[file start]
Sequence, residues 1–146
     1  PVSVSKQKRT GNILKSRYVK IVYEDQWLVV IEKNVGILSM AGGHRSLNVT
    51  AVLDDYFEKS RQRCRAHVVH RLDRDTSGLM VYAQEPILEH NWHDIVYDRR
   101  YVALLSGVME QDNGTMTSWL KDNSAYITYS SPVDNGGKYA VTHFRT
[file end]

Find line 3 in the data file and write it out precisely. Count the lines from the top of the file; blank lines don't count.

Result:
    51  AVLDDYFEKS RQRCRAHVVH RLDRDTSGLM VYAQEPILEH NWHDIVYDRR